Pixar is no stranger to brilliant concepts, whether it’s bringing toys to life in their famous tale of child playthings or a near-silent clean-up robot or a crotchety old man who uses balloons to fly away in his house. But with Inside Out they may just have hit on their most ingenious one yet, used as a springboard for some of the most emotionally resonant, visually resplendent cinema the studio has ever produced.
The plot focuses on a young teenage girl named Riley (voiced by relative newcomer Kaitlyn Dias) who is forced to move with her parents (Diane Lane and Kyle MacLachlan) from the Midwest to the bustling San Francisco, leaving behind her childhood bedroom, school friends and beloved hockey team. She’s going through all the emotions of a normal girl, reacting to new everyday situations.
The masterstroke of the idea comes with the fact that we get to see those emotions visualised as individual characters within Riley’s brain. Joy (Amy Poehler), Sadness (Phyllis Smith), Anger (Lewis Black), Fear (Bill Hader) and Disgust (Mindy Kaling) live in the “Headquarters,” the control center of Riley’s mind where they help advise her life. When something goes drastically wrong and two of the emotions get lost, disrupting Riley’s ability to feel all emotions, they must try and find their way back to where they belong so that she can back to living her normal life.
Very few films are able to make all their components work together in pretty perfect symphony but Inside Out does just that. It’s a film about emotion and feelings but not just making us experience those while watching but exploring why we do. Its visualisation of the emotions we all feel on a day-to-day (heck, often minute-to-minute basis) in the form of distinct, colour-coded characters is not just a way to create bright and shiny, cutesy and quotable figures to keep the kiddies happy – although they’re certainly those things in spades – but a wonderful way to draw us in and get us invested in Riley because we’re literally seeing what makes her tick.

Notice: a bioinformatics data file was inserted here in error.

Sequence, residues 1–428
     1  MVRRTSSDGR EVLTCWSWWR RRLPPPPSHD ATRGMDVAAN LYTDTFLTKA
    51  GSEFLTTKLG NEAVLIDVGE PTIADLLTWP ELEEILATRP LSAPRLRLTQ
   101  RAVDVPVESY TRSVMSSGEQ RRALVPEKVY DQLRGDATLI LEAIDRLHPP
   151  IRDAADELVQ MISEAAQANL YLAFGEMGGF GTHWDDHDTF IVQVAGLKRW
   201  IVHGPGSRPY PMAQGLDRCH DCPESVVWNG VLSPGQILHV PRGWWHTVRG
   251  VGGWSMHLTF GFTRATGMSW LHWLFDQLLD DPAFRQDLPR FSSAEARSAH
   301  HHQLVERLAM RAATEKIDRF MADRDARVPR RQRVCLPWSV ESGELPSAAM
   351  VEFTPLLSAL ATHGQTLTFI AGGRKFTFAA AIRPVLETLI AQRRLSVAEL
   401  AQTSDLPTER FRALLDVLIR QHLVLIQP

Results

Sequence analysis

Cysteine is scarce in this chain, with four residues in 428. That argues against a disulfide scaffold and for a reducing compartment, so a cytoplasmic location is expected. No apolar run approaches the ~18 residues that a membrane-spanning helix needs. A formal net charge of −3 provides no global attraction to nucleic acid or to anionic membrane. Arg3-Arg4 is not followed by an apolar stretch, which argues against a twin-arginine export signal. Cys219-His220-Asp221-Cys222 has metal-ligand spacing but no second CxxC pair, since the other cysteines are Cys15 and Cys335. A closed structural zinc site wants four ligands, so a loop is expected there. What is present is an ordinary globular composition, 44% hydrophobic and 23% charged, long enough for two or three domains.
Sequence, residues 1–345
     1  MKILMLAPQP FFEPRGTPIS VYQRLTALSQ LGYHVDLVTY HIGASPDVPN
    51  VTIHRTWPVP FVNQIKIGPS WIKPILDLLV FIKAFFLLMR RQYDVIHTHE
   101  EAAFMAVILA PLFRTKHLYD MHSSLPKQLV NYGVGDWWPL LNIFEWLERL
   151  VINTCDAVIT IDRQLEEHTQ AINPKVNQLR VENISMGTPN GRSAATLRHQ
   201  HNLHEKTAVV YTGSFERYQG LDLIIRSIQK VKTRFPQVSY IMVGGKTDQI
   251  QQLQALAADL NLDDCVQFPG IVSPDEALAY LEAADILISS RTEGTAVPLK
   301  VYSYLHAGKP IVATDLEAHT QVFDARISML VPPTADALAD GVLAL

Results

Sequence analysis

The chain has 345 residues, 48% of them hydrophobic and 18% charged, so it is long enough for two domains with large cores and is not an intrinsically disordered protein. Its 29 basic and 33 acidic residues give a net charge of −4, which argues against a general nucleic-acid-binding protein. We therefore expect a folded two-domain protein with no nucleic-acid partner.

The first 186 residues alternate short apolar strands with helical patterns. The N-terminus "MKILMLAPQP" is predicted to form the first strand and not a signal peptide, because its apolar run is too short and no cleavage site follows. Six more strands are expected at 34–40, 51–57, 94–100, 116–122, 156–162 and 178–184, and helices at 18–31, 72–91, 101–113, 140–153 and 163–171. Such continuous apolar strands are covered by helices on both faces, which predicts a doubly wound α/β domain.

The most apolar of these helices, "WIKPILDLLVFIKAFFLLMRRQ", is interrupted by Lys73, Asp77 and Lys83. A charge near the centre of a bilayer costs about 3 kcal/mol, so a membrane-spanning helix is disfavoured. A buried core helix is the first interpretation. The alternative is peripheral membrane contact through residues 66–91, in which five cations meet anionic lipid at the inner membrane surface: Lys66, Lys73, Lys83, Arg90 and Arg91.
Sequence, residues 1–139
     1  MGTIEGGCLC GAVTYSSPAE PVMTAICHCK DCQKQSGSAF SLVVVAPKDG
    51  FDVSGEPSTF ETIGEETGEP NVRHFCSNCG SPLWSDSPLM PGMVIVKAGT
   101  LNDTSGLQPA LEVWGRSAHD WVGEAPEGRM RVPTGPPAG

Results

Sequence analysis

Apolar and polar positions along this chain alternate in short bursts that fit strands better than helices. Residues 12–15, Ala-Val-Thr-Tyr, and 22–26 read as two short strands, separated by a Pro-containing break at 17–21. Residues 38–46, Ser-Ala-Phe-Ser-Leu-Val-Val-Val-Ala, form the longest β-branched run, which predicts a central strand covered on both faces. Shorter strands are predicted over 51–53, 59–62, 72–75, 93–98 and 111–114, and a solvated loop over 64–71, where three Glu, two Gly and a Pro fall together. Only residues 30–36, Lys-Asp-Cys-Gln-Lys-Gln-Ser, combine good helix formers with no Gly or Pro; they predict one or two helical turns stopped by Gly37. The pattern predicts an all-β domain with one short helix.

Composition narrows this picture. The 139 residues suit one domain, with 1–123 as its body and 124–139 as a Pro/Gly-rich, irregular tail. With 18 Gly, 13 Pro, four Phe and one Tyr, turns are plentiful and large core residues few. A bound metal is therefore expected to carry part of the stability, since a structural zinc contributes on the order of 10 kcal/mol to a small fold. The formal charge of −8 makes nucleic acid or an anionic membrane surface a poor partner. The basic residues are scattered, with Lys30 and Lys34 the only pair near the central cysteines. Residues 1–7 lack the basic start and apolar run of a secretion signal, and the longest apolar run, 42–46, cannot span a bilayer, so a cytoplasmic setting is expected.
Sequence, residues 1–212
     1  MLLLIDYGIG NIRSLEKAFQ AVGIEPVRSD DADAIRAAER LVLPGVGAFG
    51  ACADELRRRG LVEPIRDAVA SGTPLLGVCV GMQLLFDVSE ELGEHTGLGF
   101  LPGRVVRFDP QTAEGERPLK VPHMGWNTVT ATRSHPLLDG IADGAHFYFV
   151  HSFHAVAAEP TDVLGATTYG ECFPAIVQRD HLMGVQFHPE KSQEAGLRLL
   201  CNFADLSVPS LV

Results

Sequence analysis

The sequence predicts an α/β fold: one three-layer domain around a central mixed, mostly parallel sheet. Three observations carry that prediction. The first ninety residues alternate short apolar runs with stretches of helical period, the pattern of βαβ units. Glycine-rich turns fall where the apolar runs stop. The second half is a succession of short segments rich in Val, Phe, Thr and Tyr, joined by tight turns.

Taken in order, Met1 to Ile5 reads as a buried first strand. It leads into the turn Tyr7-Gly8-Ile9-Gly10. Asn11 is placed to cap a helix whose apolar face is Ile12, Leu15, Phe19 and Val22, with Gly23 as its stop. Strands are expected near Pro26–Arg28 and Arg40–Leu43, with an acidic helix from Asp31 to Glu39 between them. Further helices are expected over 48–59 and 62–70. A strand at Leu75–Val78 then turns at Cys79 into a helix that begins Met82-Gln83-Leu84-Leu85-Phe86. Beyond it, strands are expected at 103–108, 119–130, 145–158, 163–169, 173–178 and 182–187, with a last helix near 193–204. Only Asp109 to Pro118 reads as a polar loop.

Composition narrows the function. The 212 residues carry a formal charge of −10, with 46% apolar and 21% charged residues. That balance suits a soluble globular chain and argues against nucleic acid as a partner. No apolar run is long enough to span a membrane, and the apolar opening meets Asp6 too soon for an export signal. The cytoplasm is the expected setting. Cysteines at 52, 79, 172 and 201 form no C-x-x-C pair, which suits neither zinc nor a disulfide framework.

Each of the Emotions are archetypes by nature but they’re also extremely well-drawn, pardon the pun, and each of their specific attributes used for maximum laugh capacity. They’re also fantastically voiced by a stellar cast, whether it’s Poehler’s fittingly ecstatic Joy whose job it is to always look on the bright side of life or Kaling’s brilliantly no-nonsense Disgust coming in handy whenever Riley is forced to eat all her vegetables or dress a certain way at school. Stealing the show, however, is Smith as Sadness because of her absolutely perfect vocal representation of an emotion that’s at once crucial and arguably the most damaging.
It rolls out the John Lasseter/Pixar mantra that story should come before anything else and once there’s something tangible and emotionally resonant that we can hold onto then the rest of the ingredients are layered on top. It’s something that one or two of the lesser Pixar films have failed to do (*cough* Cars 2! *cough*), choosing bells and whistles over a meaningful story, but Inside Out proves just how adept the studio can be at it.
We can all relate to Riley’s story of moving away to a new house and just not feeling at home, with scary new experiences being heightened by the emotions of a budding and still-growing mind. Kids will see themselves in it as they are, adults will see their younger selves in it as they were and both audience groups will find plenty to revel in. Importantly it’s never a film that talks down to the younger audience at which it’s partly aimed, never above jumping around in a fit of youthful silliness while also containing some of the cleverest sight gags, wordplay and cultural references the big-screen has seen in a long time. It also has one of the most emotional, lump-in-your-throat endings of any Pixar movie and as anybody who’s seen Toy Story 3 will know, that’s not something to be said lightly.
The film is split between the regular outside world and the inside of Riley’s head and it’s in the latter that the most fun moments most naturally come. Furthering the central concept, the girl’s memories are visualised as orbs that shine a colour corresponding to whatever type of memory it is – yellow would be for her learning to ride a bike, blue would be when she fell and hurt herself and so forth – and this takes us to the various “lands” of her mind that are most important to her through which Joy and Sadness must traverse on their journey back to Headquarters. More abstract concepts and ideas are visualised here, from Riley’s childhood friend Bing Bong (voiced by the incomparable Richard Kind), a party candy floss-part-animal hybrid to the literal Train of Thought, and they are as entertaining as they are ingenious. It’s this sort of imagination that really does set Pixar apart from the rest.
Under the direction of Pete Docter (Monsters Inc., Up) and storyboard artist-turned-co-director Ronaldo del Carmen, Inside Out is nothing short of a wondrous piece of family entertainment, one to which we can all relate in one way or another, whether you’re at ages with its central character or a long-in-the-tooth adult fondly remembering the good old days when everything didn’t seem so complicated. And yet it was always complicated, as we can all attest, at least in our minds. Emotions play a part in our lives from the moment we’re born and Pixar’s cinematic representation of them is the kind of witty, inventive and emotionally resonant film that just doesn’t come along all that often.